Plastic Surgery in the Sushruta Samhita?Dr. Vijay Daya (MD Anaesthesia) of Jaipur has described an experiment in plastic surgery. About 200 years ago, in 1792, there was a war between Tipu Sultan and the Marathas. In this war, four Maratha soldiers and a coach driver (Kavaasji) lost their hands and nose. A year later, a potter from Pune fixed new noses by surgery on Kavaasji and the soldiers. The potter was not just deft in making pottery with clay, he was also deft in joining parts of a human body and repairing parts by grafting the skin from some other part of the body. ?Repairing? a human body in this manner is, in modern science, called plastic surgery.
Two British doctors named Dr. Thomas Crasso and Dr. James Findlay witnessed the surgery giving Kavaasji a new nose in 1793 AD. They even drew pictures of the entire process and presented the report in the Madras Gazette. The same report was published in October 1794 by Gentleman Magazine, London. The report was as follows:?
?An artificial nose made of fine wax is placed instead of the nose that has been cut off. This wax is spread on the forehead of the person (who has to undergo plastic surgery). An outline is marked out and the layer of wax is removed. Then, the surgeon takes out the skin of the similar shape from the patient's forehead while it remains stuck to a small portion below the eyes. Because of this joint, the portion of the old nose that is left is divided into two. An incision is made behind it. Now, the skin from the forehead is brought down and stuck to the incision.
Terra Japonica (yellow kattha) is made into a dough after mixing it with water and spread over a piece of cloth. Five or six such pieces are placed one on top of the other and kept in the place of the surgery. After keeping this kind of a bandage for four days, a piece of cloth soaked in ghee is placed on it. After twenty days, the joined skin (from the centre of the eye)is removed and the new nose is given the proper shape. The patient has to keep lying down for the first five days after the surgery. On the tenth day, cylindrical pieces of cotton wool or soft cloth are placed inside the new nostrils to keep them open.?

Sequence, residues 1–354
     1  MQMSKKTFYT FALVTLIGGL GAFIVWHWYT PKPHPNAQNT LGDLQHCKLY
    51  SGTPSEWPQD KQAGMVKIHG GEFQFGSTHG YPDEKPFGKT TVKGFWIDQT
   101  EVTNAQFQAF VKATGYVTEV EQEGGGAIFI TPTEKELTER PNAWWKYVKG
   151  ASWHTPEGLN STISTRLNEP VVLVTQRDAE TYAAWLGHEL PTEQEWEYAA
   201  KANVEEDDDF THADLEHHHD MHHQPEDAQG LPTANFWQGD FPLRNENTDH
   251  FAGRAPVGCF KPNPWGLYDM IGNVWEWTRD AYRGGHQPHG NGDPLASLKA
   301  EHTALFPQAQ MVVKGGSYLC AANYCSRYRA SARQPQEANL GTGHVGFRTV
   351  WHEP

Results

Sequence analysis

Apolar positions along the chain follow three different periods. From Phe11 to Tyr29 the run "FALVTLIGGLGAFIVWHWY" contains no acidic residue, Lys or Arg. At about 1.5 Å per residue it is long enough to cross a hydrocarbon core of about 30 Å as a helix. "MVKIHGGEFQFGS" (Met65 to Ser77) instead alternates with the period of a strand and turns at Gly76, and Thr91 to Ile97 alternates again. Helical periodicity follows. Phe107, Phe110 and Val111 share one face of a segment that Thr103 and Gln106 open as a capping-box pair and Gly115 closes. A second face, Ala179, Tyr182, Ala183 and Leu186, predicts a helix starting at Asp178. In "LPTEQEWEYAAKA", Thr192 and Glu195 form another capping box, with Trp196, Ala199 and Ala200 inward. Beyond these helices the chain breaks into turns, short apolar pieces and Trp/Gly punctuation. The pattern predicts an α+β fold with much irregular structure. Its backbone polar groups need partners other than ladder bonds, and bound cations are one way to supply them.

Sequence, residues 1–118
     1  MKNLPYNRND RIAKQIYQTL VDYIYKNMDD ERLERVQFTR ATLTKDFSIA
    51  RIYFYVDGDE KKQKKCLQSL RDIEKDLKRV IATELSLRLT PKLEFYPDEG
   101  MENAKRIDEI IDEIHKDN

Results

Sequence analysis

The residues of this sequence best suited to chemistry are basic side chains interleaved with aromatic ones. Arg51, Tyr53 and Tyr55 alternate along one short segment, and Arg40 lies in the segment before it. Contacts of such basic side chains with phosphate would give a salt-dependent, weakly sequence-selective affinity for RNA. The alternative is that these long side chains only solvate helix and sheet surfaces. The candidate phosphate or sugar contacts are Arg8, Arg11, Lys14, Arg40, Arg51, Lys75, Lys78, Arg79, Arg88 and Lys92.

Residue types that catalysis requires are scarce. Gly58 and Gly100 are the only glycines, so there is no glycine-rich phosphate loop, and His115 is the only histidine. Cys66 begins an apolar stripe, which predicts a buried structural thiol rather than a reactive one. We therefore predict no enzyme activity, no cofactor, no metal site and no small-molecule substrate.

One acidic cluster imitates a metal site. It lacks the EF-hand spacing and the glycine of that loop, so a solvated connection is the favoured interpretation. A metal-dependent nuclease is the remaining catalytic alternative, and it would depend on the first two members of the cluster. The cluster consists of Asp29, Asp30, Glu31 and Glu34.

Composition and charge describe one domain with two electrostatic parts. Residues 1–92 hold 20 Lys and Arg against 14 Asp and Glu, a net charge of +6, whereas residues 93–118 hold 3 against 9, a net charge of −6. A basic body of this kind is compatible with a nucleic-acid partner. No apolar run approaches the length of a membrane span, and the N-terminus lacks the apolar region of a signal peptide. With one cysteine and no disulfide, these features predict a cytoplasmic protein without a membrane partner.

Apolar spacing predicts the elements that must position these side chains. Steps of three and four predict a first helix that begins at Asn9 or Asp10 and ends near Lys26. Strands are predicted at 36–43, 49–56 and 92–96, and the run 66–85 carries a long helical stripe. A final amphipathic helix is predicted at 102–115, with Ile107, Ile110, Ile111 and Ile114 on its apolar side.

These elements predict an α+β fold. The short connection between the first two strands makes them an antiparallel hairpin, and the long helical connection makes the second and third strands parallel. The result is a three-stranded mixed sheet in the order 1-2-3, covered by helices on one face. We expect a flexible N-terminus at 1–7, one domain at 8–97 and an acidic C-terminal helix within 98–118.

In the report in Gentleman, it has been said further, ?This operation was always successful. The new nose used to stick permanently and would start looking like the old nose. Even the mark on the forehead, made by removing the skin, would vanish after sometime.?
This report created ripples in the European medical world. The surgeons from all over Europe had studied this technique thoroughly. Then, after understanding the fineness of the method, a 30-year-old surgeon, Dr, J.C.Carpew transplanted the nose of a man in 1814. This operation was also successful. This brought about a revolution in surgical treatment and it was given the name ?Plastic Surgery?. All surgeons, including Dr. Carpew unanimously agreed that plastic surgery was a gift from India.
There is no exaggeration in the above statement. Our ancestors knew the art of joining part that had been severed and repairing broken parts of the body. A detailed description of plastic surgery is given in the Sushruta Samhita. Even the entire process of how the nose was transplanted on the Maratha coachman Kavaasji, is given in he Sushruta Samhita. The potter who had performed the plastic surgery on the coachman had probably not read Sushruta's2500 year-old-book, but he must have inherited this art from his ancestors.
Sushruta Samhita also has a description of using the skin from the cheek to make up the nose. In today'smedical science, this is known as ?facial flap?. Sushruta has, in addition, described a method of facial flap for joining an ear. Sushruta has mentioned the use of special oils, honey or ghee besides the yellow kattha. The surgery to join a cut lip is also the same. Actually, Sushruta, in his book, has described 300 surgical operations. These include 42 surgical processes and 121 appliances.
At the special session of Parliament, organsied on the occasion of the golden jubilee of India's independence, Dr. Murli Manohar Joshi spoke about vaccination, one of the ancient scientific achievements of India. In his words-
?I want to place one more significant thing before you. It is said that Dr. Jenner discovered that vaccination in 1798. However, before this, Mr. Colt had told Dr. Oliver about the vaccination that was in use in Bengal. This has been mentioned in An Account of the Disease of Bengal; Calcutta dated February 10, 1731 as follows:
There are many cases of small pox in Bengal. For this, vaccination is given in the same way that Dr. Jenner had later done by making a vaccine out of the pus. In Bengal too, pus was collected from the blisters of small pox patients and stored for use the following year. The entire process has been given in detail in this journal. This is a book on medical journals and not an article from a newspaper and they have praised it wholeheartedly.
Another book entitled Operation of Inoculation of the Small Pox as Performed in Bengal:1731 gives these details. In reply to the question ?for how long has this process been going on?? He says that this has been going on for at least 150-200 years and when it was asked in Bengal as to who discovered it? The villagers of Bengal and Orissa said that Dhanwantari had shown them the path. Dhanwantari is believed to be the father of Ayurveda. He is the one who came out with the pot of nectar which had been churned out of the ocean. This is that pot of nectar which Dhanwantari took to each and every village of India and protected this country from small pox and other diseases. This is the pot of nectar and it has been distributed to the gods, as the people of this land are godlike.
(This book is available with Ocean Books (P) Ltd. 4/19 Asaf Ali Road, New Delhi-110 002)